wife had locked herself in the bathroom and had poured kerosene on
herself so as to commit suicide, are not in dispute. Fortunately for the
Appellant, because of the noise and disturbance, even the neighbours
of the Appellant rushed to help and the door of the bathroom was
broken open and the Respondent was saved. Had she been successful
in her attempt to commit suicide, then one can foresee the
consequences and the plight of the Appellant because in that event the
Appellant would have been put to immense difficulties because of the
legal provisions. We feel that there was no fault on the part of the
Appellant nor was there any reason for the Respondent wife to make
an attempt to commit suicide. No husband would ever be comfortable
with or tolerate such an act by his wife and if the wife succeeds in
committing suicide, then one can imagine how a poor husband would
get entangled into the clutches of law, which would virtually ruin his
sanity, peace of mind, career and probably his entire life. The mere
idea with regard to facing legal consequences would put a husband
under tremendous stress. The thought itself is distressing. Such a
mental cruelty could not have been taken lightly by the High Court. In
our opinion, only this one event was sufficient for the Appellant
husband to get a decree of divorce on the ground of cruelty. It is
needless to add that such threats or acts constitute cruelty. Our
aforesaid view is fortified by a decision of this Court in the case of
Pankaj Mahajan v. Dimple @ Kajal (2011) 12 SCC 1, wherein it has
been held that giving repeated threats to commit suicide amounts to
11. The Respondent wife wanted the Appellant to get separated from
his family. The evidence shows that the family was virtually
maintained from the income of the Appellant husband. It is not a
common practice or desirable culture for a Hindu son in India to get
separated from the parents upon getting married at the instance of the
wife, especially when the son is the only earning member in the family.
A son, brought up and given education by his parents, has a moral
and legal obligation to take care and maintain the parents, when they
become old and when they have either no income or have a meagre
income. In India, generally people do not subscribe to the western
thought, where, upon getting married or attaining majority, the son
gets separated from the family. In normal circumstances, a wife is
expected to be with the family of the husband after the marriage. She
becomes integral to and forms part of the family of the husband and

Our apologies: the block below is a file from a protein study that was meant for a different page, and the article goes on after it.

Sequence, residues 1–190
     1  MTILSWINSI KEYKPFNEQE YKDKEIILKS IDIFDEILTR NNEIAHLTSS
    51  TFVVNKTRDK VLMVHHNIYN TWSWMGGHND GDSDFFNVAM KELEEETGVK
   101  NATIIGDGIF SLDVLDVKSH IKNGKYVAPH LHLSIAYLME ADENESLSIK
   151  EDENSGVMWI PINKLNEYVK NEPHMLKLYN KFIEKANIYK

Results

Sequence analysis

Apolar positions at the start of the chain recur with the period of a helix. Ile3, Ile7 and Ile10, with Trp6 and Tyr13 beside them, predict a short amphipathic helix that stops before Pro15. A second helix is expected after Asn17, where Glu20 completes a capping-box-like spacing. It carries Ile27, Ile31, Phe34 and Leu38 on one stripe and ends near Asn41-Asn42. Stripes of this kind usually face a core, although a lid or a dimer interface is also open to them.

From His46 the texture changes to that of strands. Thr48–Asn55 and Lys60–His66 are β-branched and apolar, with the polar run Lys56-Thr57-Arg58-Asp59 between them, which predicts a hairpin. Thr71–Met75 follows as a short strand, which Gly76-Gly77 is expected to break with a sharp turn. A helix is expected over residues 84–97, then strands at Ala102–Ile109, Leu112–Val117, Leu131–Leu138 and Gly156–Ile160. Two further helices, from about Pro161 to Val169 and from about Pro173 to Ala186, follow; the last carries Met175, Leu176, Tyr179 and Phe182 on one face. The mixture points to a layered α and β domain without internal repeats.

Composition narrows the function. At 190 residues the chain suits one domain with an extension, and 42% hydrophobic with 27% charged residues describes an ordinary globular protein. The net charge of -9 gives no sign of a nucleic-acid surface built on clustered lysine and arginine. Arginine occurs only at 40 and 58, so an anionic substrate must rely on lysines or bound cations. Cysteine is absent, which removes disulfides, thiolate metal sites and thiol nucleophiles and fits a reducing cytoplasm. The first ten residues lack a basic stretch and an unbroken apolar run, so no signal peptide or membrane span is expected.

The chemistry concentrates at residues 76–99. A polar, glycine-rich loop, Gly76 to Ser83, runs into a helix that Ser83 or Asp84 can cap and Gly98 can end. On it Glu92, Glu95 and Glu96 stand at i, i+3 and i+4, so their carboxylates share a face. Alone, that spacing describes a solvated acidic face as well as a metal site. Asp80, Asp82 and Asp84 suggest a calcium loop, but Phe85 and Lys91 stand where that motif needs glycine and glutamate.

normally without any justifiable strong reason, she would never insist
that her husband should get separated from the family and live only
with her. In the instant case, upon appreciation of the evidence, the
trial Court came to the conclusion that merely for monetary
considerations, the Respondent wife wanted to get her husband
separated from his family. The averment of the Respondent was to the
effect that the income of the Appellant was also spent for maintaining
his family. The said grievance of the Respondent is absolutely
unjustified. A son maintaining his parents is absolutely normal in
Indian culture and ethos. There is no other reason for which the
Respondent wanted the Appellant to be separated from the family – the
sole reason was to enjoy the income of the Appellant. Unfortunately,
the High Court considered this to be a justifiable reason. In the
opinion of the High Court, the wife had a legitimate expectation to see
that the income of her husband is used for her and not for the family
members of the Respondent husband. We do not see any reason to
justify the said view of the High Court. As stated hereinabove, in a
Hindu society, it is a pious obligation of the son to maintain the
parents. If a wife makes an attempt to deviate from the normal
practice and normal custom of the society, she must have some
justifiable reason for that and in this case, we do not find any
justifiable reason, except monetary consideration of the Respondent
wife. In our opinion, normally, no husband would tolerate this and no
son would like to be separated from his old parents and other family
members, who are also dependent upon his income. The persistent
effort of the Respondent wife to constrain the Appellant to be
separated from the family would be torturous for the husband and in
our opinion, the trial Court was right when it came to the conclusion
that this constitutes an act of ‘cruelty’.
12. With regard to the allegations about an extra-marital affair with
maid named Kamla, the re-appreciation of the evidence by the High
Court does not appear to be correct. There is sufficient evidence to the
effect that there was no maid named Kamla working at the residence
of the Appellant. Some averment with regard to some relative has
been relied upon by the High Court to come to a conclusion that there
was a lady named Kamla but the High Court has ignored the fact that
the Respondent wife had levelled allegations with regard to an
extra-marital affair of the Appellant with the maid and not with
someone else. Even if there was some relative named Kamla, who